7. North Dakota
> Pct. of bridges structurally deficient: 16.8%
> Number of bridges structurally deficient: 746 (23rd fewest)
> Average bridge age: 45 years (15th highest)
> State gas tax: 23.0 cents (20th lowest)

The number of structurally deficient bridges in North Dakota has increased by 2.6% since 2011, among the biggest increases in the country. While North Dakota has a high percentage of problematic bridges, just over 95,000 vehicles travel over them every day, lower traffic than any other state in the country. Although many states are able to fund repairs through state and federal gasoline taxes, Goldberg notes that states such as North Dakota have trouble repairing roads and bridges with this money due to the low volume of travelers in the state.

6. Nebraska
> Pct. of bridges structurally deficient: 18.0%
> Number of bridges structurally deficient: 2,778 (6th most)
> Average bridge age: 44 years (17h highest)
> State gas tax: 25.5 cents (24th highest)

Nebraska, the 14th least populous state in the country, has 2,778 defective bridges, more than all but five other states. By comparison, California, by far the most populous state in the nation, has just 2,978 deficient bridges. In recent years, very few bridges have been repaired, maintained or rehabilitated in Nebraska, with the number of structurally deficient bridges falling by just 42 since 2011. But not all parts of Nebraska suffer from this problem. Five counties in the state did not have a single defective bridge. In Douglas County, where Omaha is located, just 2% of daily bridge traffic travels over such bridges.

5. South Dakota
> Pct. of bridges structurally deficient: 20.6%
> Number of bridges structurally deficient: 1,208 (20th most)
> Average bridge age: 46 years (13th highest)
> State gas tax: 24.0 cents (23rd lowest)

South Dakota is one of just five states where more than 20% of the bridges are in need of maintenance. The average age of a bridge in the state is 46 years old. While this is far from the oldest of all states, it is higher than the 43 years average across the country. South Dakota's less-than-stellar bridges are not used too often — the average traffic on South Dakota's bridges is slightly more than 354,000 vehicles a day, lower than all but four other states.

> Pct. of bridges structurally deficient: 20.7%
> Number of bridges structurally deficient: 156 (6th fewest)
> Average bridge age: 55 years (4th highest)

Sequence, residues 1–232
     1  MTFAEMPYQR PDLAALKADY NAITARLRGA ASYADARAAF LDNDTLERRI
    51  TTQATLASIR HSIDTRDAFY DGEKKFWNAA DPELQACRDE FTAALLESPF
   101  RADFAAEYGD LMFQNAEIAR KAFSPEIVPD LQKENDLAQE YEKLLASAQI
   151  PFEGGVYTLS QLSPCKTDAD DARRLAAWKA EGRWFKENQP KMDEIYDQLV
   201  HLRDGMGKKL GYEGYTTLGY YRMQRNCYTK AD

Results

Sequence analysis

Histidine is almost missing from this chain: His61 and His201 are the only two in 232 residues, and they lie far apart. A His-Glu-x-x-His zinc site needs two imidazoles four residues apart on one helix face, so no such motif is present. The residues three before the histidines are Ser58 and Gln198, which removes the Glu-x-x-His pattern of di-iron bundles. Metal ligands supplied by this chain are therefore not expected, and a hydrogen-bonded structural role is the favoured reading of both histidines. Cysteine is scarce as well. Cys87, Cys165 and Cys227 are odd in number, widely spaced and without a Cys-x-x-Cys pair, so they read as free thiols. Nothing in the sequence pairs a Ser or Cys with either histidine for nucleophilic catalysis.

> State gas tax: 33.0 cents (13th highest)

Rhode Island has just 754 bridges, the fewest of any state. Despite the limited amount, nearly 21% of the bridges are structurally deficient. And although Rhode Island is geographically small, each day more than 1.8 million vehicles use Providence County bridges that are in need of maintenance, rehabilitation or repair. In all, more than 2.6 million vehicles use potentially problematic bridges on an average day. This is more traffic on structurally deficient bridges than many, much more populous states, including Florida.

> Pct. of bridges structurally deficient: 21.2%
> Number of bridges structurally deficient: 5,191 (3rd most)
> Average bridge age: 44 years (17th highest)
> State gas tax: 22.0 cents (18th lowest)

Iowa is one of just three states where more than 5,000 bridges are structurally deficient. In three of the state's counties — Adams, Davis and Ringgold — more than 40% of the bridges are deficient, while in Lucas and Van Buren counties nearly 40% of the bridges are defective. The average age of all bridges and the average age of deficient bridges are both higher than the national averages. Members of the Iowa legislature attempted to raise the gasoline tax earlier this year to divert some of the revenue to maintenance projects through the state's road fund. However, the legislation died because of Republican opposition.

> Pct. of bridges structurally deficient: 22.6%
> Number of bridges structurally deficient: 5,382 (2nd most)
> Average bridge age: 46 years (13th highest)
> State gas tax: 17.0 cents (5th lowest)

None of the 10 states with a high percentage of deficient bridges has progressed less in repairing its bridges since 2011 than Oklahoma. In fact, the situation in Oklahoma further deteriorated. As many as 77 more bridges are deemed deficient now than were two years ago. More than 7.7 million vehicles use unsound bridges daily. In Tulsa County, 16.6% of daily bridge traffic is on bridges that need repairs or improvements. This amounts to an average of 7.2 million vehicles a day.

> Pct. of bridges structurally deficient: 24.5%
> Number of bridges structurally deficient: 5,543 (the most)
> Average bridge age: 54 years (5th highest)
> State gas tax: 32.3 cents (15th highest)

No state has a higher percentage of deficient bridges than Pennsylvania. Goldberg points out that the state has made a significant effort to improve its bridges in recent years. In three counties — McKean, Schuylkill and Potter — more than 40% of the bridges are structurally deficient. The average age of all bridges in Pennsylvania is 54 years, higher than all but four other states. Although Pennsylvania still has more bridges in need of serious maintenance or replacement than any other state in the country, it has reduced the number of these problematic bridges by 500 since 2011, more than any other state except for Missouri. The Pennsylvania legislature is currently debating legislation that would increase the state's transportation funding by 50%.

24/7 Wall St. is a USA TODAY content partner offering financial news and commentary. Its content is produced independently of USA TODAY.


A Rare Localization of Actinomycosis Mimicking Ulcerative Malignancy